Habitat’s newest homeowner enjoys working on Women Build house
Oct 25, 2012 | 749 views | 0 0 comments | 3 3 recommendations | email to a friend | print

 

LONGVIEW -- The plumbing in Lakeshia Poole’s apartment leaks, dribbling down the walls. She and her three children have seen scorpions and snakes in their apartment and in their complex. But as a cashier at a Longview grocery store, she couldn’t afford a better place for her family.



Then one day, her mother told her about the Habitat for Humanity homeownership program. Poole applied in 2011 and, after going through the application process and background checks, was added to the waiting list.  It took her over a year to complete her 350 hours of sweat equity before moving to the front of the line for a Habitat house. Construction began on her new home, the 2012 Women Build house, on October 13.



“I always said that by the time I was 30 I wanted to have my own house,” Poole said. “And with my kids getting older, I wanted a more stable place where they could grow up. Now, things are finally falling into place for me.”



The children -- Jeramyah, 11; Jamoryah, 9; and Jalisyah, 3 – are excited to get their own house.



“They ask every day, ‘When are we moving, Mama?’” Poole said. “They’re already bugging me to get a dog.”



Poole’s house is the 80th built by Longview Habitat for Humanity and is this year’s Women Build house. Women Build is Habitat’s volunteer program for women who want to learn construction skills, and build homes and communities.



“There is no experience necessary,” said Longview Habitat for Humanity Executive Director LaJuan Hollis. “If you don’t have any construction skills, don’t worry! Many women come to Women Build sites with no construction skills at all and still make a great impact. We will have experienced crew leaders on-site to provide instruction and guidance.”



More than 80 people came out for the first day of construction, and more are coming back from 8 a.m. until noon each Saturday morning to continue working. The response from the volunteers makes Poole very proud.



“They are a blessing,” she said. “It makes me feel like people still care, because it doesn’t usually feel like people care about us, but the people on the job site do.”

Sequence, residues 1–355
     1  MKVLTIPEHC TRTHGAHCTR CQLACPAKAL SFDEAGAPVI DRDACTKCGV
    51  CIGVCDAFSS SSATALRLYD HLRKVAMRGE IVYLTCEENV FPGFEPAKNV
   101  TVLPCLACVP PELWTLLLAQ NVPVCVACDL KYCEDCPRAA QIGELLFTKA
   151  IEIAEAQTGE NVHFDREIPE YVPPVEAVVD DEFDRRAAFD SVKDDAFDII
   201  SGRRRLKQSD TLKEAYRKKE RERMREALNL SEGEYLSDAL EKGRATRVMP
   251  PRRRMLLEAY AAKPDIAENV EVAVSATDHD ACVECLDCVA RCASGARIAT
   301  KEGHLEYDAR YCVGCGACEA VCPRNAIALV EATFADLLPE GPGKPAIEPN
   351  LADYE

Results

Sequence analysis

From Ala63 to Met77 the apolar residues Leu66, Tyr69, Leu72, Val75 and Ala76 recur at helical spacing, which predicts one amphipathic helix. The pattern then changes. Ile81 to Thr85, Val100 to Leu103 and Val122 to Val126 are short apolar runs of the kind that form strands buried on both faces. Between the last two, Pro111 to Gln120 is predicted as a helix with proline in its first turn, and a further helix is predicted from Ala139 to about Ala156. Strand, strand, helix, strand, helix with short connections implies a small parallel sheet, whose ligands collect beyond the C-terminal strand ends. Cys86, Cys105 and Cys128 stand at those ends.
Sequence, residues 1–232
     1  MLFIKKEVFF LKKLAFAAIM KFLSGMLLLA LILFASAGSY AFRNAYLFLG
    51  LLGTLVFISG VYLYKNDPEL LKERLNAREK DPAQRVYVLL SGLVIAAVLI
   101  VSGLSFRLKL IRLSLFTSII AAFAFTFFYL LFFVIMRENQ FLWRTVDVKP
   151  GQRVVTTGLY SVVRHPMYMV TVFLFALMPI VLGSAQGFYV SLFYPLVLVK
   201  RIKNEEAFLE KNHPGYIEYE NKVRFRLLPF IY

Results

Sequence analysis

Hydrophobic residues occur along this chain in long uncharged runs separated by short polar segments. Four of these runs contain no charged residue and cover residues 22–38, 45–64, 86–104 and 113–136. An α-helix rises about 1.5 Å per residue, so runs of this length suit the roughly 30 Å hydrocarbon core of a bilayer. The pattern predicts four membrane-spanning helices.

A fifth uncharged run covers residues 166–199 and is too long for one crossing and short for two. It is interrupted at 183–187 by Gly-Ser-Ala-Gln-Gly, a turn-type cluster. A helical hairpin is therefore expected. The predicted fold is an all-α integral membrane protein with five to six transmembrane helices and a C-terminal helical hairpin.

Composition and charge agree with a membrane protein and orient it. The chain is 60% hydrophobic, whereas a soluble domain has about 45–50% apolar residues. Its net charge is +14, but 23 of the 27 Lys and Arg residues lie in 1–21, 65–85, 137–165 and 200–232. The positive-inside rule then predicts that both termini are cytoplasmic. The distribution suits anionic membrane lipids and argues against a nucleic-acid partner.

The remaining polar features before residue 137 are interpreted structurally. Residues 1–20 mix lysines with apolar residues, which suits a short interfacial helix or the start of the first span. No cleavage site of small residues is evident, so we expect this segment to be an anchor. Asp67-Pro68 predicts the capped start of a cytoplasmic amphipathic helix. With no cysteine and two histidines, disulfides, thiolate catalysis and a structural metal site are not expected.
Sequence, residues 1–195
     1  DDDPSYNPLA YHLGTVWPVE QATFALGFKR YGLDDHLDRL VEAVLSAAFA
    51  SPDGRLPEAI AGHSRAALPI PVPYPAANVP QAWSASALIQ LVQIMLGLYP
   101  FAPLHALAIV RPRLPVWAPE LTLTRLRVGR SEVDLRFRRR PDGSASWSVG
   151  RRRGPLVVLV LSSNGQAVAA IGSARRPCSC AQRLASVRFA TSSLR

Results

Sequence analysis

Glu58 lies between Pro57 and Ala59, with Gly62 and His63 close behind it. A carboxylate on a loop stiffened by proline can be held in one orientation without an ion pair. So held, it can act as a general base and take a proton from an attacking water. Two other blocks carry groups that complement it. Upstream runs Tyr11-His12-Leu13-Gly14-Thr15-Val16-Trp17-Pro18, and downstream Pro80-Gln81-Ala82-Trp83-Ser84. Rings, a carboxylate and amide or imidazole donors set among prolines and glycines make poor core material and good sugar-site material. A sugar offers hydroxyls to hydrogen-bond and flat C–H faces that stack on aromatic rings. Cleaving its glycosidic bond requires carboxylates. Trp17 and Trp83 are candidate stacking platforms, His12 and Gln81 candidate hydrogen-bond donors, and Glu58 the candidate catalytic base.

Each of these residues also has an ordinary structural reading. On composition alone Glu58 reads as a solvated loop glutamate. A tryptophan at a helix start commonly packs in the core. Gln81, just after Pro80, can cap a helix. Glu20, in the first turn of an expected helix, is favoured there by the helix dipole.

Poole encourages everyone to volunteer with Habitat for Humanity, on her house or any other.



“Come out and volunteer, it’s exciting,” she said. “We are learning how to put a house together in a short amount of time, and all the stuff we do is useful around the house. (The volunteers) are very good people to be around and the environment is happy, like a big family. It’s all different people in different places in their lives.”



The 2012 Women Build house is located at 506 Park Street, just a block from Stamper Park. For more information about how to volunteer, visit www.longviewhabitat.org or just come by one Saturday morning to help. No experience is necessary and newcomers are welcome.



 



Habitat for Humanity works with low-income families to build decent housing that would otherwise be unaffordable.  Habitat’s reliance on volunteer labor and donated materials significantly lowers cost for new homeowners. Habitat makes no profit on the homes and charges no interest on their 20-30 year mortgages.



 



Additional photos from the first build day are available on LHFH’s Facebook page at http://www.facebook.com/media/set/?set=a.498167456868647.122445.116591198359610&type=3

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